The Fleishman-Hillard DWP contracts go back to 1998, but much of this story starts in 2001, when Hahn and Villaraigosa were battling in their high-spending mayoral runoff. When Hahn won, he almost immediately had to campaign again, this time to block San Fernando Valley secession. Over the next year, persistent rumors began circulating around City Hall and out at the harbor and the airport that only companies that raised or donated money to Hahn’s campaign and the anti-secession movement would be considered for lucrative city contracts. If you wanted to play, you had to pay. Fleishman-Hillard paid, and whether or not that was the reason, its hefty DWP contracts were renewed.
Talk of pay-to-play had been rampant at City Hall for years. The allegations were always hard to prove, but things were a little different this time. A new charter allowed the city controller to conduct management audits of departments, and Laura Chick started poking around. District Attorney Steve Cooley promised to crack down on governmental corruption, if he could find any, and his people also started nosing about.
Chick was especially interested in the Fleishman contracts because she was as perplexed as any ratepayer might be over just why the DWP would need to spend public money to hire a public-relations firm. That brings us back to our brainteaser. You need to keep your customers happy. But it’s not clear why, since they are captive, and can’t go anywhere else. You use their money to hire a PR firm to convince them that they should be happy with you even though you spend money on things like PR firms.
The DWP gave all kinds of reasons for hiring PR firms, including creating a newsletter for employees and retirees, and other programs that helped it communicate with customers. But even with its own internal PR staff, plus the high-powered Fleishman experts, the DWP failed to adequately communicate to about 30,000 low-income and senior ratepayers that they had to complete their paperwork in order to keep their subsidies. And the DWP-Fleishman team did such a poor job of communicating the need for a planned 18 percent rate hike that the increase had to be lowered to 11 percent. So much for PR.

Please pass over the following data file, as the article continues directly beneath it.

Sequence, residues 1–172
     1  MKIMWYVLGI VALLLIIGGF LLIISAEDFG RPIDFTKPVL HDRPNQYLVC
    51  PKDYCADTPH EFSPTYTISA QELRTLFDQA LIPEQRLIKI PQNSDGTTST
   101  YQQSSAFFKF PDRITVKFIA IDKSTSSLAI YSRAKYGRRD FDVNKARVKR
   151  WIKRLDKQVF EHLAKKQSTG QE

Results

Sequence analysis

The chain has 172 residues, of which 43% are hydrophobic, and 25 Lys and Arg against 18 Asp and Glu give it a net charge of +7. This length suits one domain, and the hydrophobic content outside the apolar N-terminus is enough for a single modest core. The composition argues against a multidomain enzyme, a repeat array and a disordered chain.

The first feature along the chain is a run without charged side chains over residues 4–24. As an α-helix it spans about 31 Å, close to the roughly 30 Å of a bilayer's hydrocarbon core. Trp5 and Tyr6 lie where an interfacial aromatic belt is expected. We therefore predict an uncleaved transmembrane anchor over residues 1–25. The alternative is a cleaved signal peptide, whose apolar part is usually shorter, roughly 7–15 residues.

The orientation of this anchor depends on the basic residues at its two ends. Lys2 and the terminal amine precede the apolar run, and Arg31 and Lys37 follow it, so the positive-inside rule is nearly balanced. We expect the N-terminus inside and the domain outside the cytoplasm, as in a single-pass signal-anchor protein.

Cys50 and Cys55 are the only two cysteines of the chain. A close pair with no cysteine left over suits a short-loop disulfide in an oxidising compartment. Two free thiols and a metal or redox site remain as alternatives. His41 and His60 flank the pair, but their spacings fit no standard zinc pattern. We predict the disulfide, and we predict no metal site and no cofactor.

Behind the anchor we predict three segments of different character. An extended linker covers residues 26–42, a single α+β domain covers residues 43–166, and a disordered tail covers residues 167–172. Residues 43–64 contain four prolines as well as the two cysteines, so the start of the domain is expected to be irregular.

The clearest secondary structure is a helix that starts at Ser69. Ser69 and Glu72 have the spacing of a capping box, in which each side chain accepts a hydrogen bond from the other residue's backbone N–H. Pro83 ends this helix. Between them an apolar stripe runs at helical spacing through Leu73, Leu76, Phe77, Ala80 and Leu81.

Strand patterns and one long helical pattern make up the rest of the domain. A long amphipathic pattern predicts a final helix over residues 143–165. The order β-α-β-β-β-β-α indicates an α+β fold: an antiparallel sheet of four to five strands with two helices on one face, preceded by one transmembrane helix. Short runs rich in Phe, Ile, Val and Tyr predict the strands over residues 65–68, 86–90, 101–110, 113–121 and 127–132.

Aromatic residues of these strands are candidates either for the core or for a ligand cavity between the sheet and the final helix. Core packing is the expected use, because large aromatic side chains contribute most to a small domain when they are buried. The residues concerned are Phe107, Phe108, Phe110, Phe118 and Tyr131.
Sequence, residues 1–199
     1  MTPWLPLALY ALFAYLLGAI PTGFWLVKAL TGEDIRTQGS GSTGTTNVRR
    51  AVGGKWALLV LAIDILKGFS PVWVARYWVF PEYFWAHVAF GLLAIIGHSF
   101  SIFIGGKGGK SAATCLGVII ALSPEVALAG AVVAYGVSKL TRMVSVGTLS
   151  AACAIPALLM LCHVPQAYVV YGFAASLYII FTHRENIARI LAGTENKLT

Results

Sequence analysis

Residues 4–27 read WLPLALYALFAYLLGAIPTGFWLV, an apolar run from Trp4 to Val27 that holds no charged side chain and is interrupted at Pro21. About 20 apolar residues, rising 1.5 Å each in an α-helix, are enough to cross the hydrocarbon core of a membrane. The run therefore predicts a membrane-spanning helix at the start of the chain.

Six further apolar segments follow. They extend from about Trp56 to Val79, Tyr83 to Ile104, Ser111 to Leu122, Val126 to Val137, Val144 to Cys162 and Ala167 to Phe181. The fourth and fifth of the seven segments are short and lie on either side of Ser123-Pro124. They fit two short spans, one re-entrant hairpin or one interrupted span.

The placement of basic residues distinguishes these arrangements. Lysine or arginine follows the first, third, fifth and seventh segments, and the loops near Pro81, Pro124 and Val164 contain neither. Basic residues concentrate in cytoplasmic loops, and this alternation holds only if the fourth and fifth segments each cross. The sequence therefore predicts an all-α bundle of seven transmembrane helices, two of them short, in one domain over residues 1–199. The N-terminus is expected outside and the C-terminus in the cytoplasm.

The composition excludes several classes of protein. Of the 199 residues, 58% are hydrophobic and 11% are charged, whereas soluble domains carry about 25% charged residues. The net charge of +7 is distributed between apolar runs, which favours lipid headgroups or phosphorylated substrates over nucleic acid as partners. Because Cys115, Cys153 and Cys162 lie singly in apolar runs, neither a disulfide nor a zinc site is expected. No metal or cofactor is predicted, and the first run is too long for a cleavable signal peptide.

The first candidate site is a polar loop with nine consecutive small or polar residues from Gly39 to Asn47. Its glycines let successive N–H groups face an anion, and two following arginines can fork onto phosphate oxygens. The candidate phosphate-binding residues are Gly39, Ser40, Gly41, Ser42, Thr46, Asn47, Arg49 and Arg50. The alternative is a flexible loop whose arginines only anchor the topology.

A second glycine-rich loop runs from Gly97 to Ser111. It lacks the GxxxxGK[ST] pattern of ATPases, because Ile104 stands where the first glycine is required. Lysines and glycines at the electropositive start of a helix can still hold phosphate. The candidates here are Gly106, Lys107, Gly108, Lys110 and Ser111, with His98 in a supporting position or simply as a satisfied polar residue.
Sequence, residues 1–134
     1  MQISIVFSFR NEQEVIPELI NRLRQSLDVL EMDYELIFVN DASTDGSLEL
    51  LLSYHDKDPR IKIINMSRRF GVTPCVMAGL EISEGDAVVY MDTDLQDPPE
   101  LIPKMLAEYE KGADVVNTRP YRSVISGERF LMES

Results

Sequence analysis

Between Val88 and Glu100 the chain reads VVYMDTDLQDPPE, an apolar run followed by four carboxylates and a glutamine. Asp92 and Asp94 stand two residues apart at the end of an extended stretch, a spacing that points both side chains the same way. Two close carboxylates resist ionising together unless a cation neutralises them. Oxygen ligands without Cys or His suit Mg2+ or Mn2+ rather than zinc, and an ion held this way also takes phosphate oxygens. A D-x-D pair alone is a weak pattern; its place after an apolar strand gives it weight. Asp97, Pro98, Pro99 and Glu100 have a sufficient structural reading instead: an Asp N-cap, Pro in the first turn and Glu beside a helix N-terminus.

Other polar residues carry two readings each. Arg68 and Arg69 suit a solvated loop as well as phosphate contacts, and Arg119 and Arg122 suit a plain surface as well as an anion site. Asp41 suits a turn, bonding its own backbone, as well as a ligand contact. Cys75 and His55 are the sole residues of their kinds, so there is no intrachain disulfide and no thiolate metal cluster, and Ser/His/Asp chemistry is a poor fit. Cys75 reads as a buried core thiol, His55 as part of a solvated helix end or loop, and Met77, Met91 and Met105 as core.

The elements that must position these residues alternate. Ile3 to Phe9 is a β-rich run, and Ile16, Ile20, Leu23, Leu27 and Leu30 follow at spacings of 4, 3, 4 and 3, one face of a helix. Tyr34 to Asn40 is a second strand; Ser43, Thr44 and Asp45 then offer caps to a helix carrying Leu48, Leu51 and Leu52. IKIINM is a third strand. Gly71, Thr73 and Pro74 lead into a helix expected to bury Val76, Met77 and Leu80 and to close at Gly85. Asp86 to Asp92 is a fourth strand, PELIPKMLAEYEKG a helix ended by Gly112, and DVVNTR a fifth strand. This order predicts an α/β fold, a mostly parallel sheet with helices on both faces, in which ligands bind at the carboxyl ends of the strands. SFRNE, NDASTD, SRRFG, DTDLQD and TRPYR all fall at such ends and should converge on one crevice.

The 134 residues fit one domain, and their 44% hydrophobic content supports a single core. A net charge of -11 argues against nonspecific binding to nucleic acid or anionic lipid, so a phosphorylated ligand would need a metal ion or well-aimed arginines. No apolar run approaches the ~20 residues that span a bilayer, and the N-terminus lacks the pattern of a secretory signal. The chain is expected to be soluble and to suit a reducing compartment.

The Fleishman firm’s ties with City Hall are so close that you have to eliminate a few usual sources of information. Ex–Fleishman employee Shannon Murphy, who is now Hahn’s chief press spokeswoman, is not suspected of any wrongdoing, but she has been walled off from the Fleishman story to avoid any appearance of impropriety. In Delgadillo’s office, the same thing is true of chief press spokesman Eric Moses, who came over from a stint at Fleishman. And, in case you’re making a chart, please note that when Moses came over from Fleishman, it was to succeed Ana Garcia, who left Delgadillo’s office to go to KNBC — where she broke the story of irregularities in the DWP’s contracts with Fleishman. And Garcia, by the way, before she was with Delgadillo, had worked an earlier stint at KNBC, where she broke the story of corruption at the Entertainment Industry Development Corp., which launched the whole season of corruption probes at City Hall.
Now take another look at the DWP, which has a reputation as the most arrogant agency in local government. Because of the Fleishman scandal, Villaraigosa and Councilman Jack Weiss want to take away the water-rate increase and impose an inspector general to delve into every nook and cranny of the department. Neighbor-hood councils are highly suspicious because the DWP thumbed its nose at them when it (with Fleishman in tow) tried to jack up rates by 18 percent. The City Council, which took an extra $60 million from the DWP to balance its budget, does not want to be caught dead in the same room with the department, because of the Fleishman scandal. The mayor must now see the DWP as a major political liability, because of Fleishman. The DWP is highly unpopular, and it really needs something to improve its image. How about — well, hiring a major PR firm?